Coming here and telling us was the first step. Sobering up if you haven't done it already is next. Telling your wife is the important one after that. Dealing with the work issue is another step.

Step by step you can deal with the problems caused by drinking, but if it is one thing I learned, you cannot do it without being honest, being humble enough to ask for help and then accepting that help.

Things can get better. But you have to start moving in the right direction. All the best to you - you can do this.
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Old 02-21-2016, 03:52 AM
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Thanks to everyone for your replies. I really appreciate all your advice and it's given me a lot to think about. What hurts so much is trying to come to terms with the fact that for years I've been someone I'm not proud of and someone I don't respect. I don't know how to look myself in the mirror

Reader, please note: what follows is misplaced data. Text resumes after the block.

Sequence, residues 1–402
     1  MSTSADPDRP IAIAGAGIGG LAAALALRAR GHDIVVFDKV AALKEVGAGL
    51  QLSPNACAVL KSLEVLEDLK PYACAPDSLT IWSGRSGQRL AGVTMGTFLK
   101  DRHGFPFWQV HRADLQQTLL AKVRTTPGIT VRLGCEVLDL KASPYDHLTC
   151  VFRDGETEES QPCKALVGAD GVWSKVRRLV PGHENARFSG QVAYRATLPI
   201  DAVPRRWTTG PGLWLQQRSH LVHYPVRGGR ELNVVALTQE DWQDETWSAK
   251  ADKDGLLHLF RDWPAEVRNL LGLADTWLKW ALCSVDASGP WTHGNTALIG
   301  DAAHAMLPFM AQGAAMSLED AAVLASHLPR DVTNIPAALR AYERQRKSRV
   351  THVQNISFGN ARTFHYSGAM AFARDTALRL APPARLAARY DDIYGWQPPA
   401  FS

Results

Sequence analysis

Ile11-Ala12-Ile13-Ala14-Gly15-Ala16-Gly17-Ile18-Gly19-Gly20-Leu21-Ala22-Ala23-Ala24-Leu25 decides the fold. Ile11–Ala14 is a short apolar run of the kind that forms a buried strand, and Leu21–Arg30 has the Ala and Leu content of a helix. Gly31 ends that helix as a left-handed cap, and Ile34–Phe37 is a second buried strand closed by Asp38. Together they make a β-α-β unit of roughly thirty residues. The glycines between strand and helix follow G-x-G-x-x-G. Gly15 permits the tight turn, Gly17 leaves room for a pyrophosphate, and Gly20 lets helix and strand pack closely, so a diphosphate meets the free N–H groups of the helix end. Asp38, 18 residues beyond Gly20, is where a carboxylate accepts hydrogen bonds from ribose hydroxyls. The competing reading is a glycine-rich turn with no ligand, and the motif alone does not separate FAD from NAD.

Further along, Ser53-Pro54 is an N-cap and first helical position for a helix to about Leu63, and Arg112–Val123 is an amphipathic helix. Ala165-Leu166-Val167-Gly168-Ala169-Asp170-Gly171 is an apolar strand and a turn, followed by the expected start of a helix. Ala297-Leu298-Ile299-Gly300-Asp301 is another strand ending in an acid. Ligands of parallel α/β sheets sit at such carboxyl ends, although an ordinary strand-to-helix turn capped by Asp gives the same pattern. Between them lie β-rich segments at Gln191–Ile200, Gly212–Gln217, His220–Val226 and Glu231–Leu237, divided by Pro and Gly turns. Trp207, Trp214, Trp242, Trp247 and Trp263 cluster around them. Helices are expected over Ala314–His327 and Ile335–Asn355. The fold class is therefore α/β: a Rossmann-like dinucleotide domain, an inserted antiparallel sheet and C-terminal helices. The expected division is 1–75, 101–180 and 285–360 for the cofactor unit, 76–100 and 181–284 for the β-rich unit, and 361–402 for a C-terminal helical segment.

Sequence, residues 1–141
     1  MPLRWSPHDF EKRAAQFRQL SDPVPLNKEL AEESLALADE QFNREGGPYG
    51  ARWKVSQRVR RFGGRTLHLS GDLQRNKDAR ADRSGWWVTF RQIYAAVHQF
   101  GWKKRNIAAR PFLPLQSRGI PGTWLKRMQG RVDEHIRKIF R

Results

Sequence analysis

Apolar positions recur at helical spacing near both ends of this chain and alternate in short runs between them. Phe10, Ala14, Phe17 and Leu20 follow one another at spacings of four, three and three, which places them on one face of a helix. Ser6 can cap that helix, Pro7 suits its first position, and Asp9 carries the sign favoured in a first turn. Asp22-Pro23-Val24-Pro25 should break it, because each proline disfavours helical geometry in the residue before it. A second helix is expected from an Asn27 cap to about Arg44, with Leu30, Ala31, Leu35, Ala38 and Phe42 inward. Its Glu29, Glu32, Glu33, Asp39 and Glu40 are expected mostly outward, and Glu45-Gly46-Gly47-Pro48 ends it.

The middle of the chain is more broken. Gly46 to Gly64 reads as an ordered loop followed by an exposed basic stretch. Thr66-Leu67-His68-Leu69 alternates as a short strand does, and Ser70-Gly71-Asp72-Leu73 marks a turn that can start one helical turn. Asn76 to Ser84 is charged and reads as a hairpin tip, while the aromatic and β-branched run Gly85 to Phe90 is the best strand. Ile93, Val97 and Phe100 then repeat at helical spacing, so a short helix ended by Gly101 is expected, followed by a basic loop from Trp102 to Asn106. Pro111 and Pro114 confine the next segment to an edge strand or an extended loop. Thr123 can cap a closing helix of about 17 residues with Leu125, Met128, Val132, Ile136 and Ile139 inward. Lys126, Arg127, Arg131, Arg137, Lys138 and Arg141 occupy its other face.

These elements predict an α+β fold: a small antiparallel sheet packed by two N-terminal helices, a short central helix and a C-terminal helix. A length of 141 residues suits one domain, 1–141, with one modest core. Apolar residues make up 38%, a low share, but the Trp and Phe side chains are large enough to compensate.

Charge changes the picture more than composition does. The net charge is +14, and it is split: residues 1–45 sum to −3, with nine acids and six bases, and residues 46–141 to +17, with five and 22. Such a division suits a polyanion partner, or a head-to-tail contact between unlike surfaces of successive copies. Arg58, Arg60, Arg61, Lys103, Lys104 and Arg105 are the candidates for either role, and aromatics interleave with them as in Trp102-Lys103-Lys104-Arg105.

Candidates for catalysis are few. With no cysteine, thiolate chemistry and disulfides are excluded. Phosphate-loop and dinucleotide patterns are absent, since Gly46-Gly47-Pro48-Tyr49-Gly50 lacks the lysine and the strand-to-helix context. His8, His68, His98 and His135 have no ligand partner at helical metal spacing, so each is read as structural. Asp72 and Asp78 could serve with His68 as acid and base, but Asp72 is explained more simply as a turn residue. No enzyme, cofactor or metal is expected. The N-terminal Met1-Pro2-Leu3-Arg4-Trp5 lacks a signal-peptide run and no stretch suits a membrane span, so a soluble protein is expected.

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Old 02-21-2016, 04:41 AM
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Hi JUK,
You are not responsible for your brother having Downes Syndrome. Have you ever told your mother what a ridiculous and damaging thing that was to say? What planet? At some point get honest with your mother as well. Getting sober will offer you the opportunity to get honest with yourself and others and your negative self image will change. It is entirely liberating and does mean getting honest with yourself and your wife. Secrets are awful. I hope you get your work done. Work becomes easier too.